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What is a Master?

By Sara Aoyama

I know this defining of a Master is a popular subject of debate, but it seems to also be a very individual thing, be it by rank, organization, etc.

As a kyu rank (various levels below that of black belt), what I've learned from the internet is that rank doesn't necessarily translate aptly outside of the system that created it, and that different styles emphasize different qualities all making it difficult to create a definition of universal significance. But lately I've come up with my own hypothesis, which I'll put out here in the interest of having it torn apart so that I can learn more and re-define as necessary. I don't expect to come up with any definitive meaning, even for myself, but this is kind of a "stop along the way" for me.

First of all, I was reading a tai chi book that mentions an old Chinese proverb that neatly describes one aspect of it for me:

"If the wrong person uses the right means, that right means work in the wrong way."

That makes sense to me in a definition of "master." Because it gets away from the physical sense and implies there is more. In other words, it speaks to character.

Then I started thinking about people I've been impressed by--people who are the "right people." Even though I live in a small town and haven't been studying long, I've been fortunate to meet a few folks who themselves would cringe at being called a master, but who have inspired plenty of hot diggedy dog thoughts in me.

A few months ago, one of them was a guest in my kitchen over green tea, and at 5 am we were STILL GOING, much like the energizer bunnies (kind of old bunnies though). As I was complaining about a certain move in a certain kata which wasn't making any sense for me, he pushed his tea cup aside, and stood up to demonstrate his point. And I noticed something interesting.

We were pretty mellow there by 5 am, but when he stood up and moved into stance I saw a visible "relaxing" (for lack of a better word) that went through his whole body-- a kind of settling into himself. And I also thought to myself... hmmm... I've seen that before. But it took a few days and some sleep to remember where.

As it so happens realized I've seen it twice before. And another time was in my kitchen as well. A noted karate-ka (karate practitioner) was playing with my son, and at some point what looked like two kids wrestling started to look like karate, and I saw this very focused and intent martial artist also visibly "relax" and "settle" as he moved.

The third example I thought of wasn't in my kitchen, but it was also at an unusual time... at about 8 am. We had a guest instructor visiting our dojo for a weekend of seminars, and on Saturday morning he was scheduled to start a kids seminar at 9 am.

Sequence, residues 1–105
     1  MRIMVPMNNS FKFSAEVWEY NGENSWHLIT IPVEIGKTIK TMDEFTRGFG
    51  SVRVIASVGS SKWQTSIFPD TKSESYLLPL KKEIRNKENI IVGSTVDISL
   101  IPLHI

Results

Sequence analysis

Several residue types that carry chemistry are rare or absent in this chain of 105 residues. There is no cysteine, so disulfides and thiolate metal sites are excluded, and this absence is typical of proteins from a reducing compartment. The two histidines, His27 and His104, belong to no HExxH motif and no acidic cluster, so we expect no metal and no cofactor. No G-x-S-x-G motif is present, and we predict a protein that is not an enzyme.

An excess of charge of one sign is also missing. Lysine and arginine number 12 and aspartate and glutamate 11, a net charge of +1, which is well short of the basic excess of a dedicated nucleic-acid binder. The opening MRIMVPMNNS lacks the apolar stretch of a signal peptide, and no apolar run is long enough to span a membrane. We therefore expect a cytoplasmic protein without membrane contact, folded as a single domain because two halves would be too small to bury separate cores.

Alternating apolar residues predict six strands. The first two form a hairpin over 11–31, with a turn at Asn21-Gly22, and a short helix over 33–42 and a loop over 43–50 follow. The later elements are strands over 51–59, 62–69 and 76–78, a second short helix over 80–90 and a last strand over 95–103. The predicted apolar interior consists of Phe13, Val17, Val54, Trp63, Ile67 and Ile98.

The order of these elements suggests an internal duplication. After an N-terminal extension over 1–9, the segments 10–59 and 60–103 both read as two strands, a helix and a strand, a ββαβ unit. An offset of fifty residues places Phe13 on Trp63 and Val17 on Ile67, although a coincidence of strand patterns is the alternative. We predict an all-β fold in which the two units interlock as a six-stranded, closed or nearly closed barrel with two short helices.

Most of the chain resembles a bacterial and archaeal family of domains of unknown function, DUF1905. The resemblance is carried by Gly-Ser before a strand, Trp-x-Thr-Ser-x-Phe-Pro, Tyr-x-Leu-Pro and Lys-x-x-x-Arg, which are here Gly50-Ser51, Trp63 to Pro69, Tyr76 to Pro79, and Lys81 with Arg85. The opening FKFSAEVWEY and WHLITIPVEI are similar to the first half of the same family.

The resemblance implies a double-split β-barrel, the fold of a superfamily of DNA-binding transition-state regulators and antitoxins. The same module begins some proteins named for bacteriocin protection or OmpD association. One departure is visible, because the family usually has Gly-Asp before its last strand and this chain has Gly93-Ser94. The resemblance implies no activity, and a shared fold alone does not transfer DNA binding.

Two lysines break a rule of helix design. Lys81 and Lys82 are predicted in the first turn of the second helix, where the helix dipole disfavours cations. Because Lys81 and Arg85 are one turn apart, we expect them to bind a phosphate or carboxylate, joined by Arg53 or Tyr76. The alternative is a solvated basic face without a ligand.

You know it is a strange thing, but I've noticed there is something like "Sensei Standard Time (SST)" where guest Sensei (teacher in Japanese) arrive late a lot. Maybe it is just here in Vermont, where Senseis miss turn-offs, get stuck in leaf traffic, or just can't find us. And there are those Sensei who have to e-mail me three times to ask if I'm sure the closest airport is in Hartford and how could that be and could I possibly check again to see if there is one in Vermont that I might have missed (???).

Okay... I'm digressing, but, anyway, they are usually late. So, when this particular Sensei visited us and was set to teach at 9 am, I figured I'd arrive at the dojo at 8 am, check to make sure everything was clean and ready at the registration table for the seminar, and that I'd have PLENTY of time to eat my bagel and drink my coffee. In reality, I pulled up to the dojo at 7:50 am (operating on PSST--Perfect Student Standard Time, i.e., an hour and 10 minutes early).

But much to my surprise our distinguished guest Sensei (with my "not really a morning person" Sensei) actually showed up a few minutes after I had, and I had to scarf down the bagel in the car, and hide my coffee and take surreptitious sips in between going about the job of setting up the table. But it was that same thing with this Sensei--he just wanted to get out there on the floor. And again, I saw that visible "relaxing."

I realize that the "relaxing" I was seeing meant is that these three karate-ka actually are more at home in their skin when they are doing karate than when they are not. That must come with years of training, but maybe even more than training itself, from just years of "being" a martial artist. In other words, doing karate is a more natural and happy state for them than not doing karate.

By this definition, I figure that I myself might possibly be a master in coffee drinking!

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About The Author

Sara Aoyama is a 1974 graduate of the University of Kansas, majoring in Japanese Language and Literature. She spent over twelve years living in Japan where she dabbled in a number of other Arts such as Ikebana (flower arranging), Cooking, and Shamisen. While living in Kyoto, she was able to see many hidden aspects of Japanese society. Currently she lives in Brattleboro, Vermont where she started training in Shorin-ryu Karate at the Brattleboro School of Budo in May, 1998 after watching her son train for three years. She is a free lances as a Japanese-English translator. Most recently, she translated "The Art of Lying" by Kazuo Sakai, MD.


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beginner, beginner's mind, rank, master


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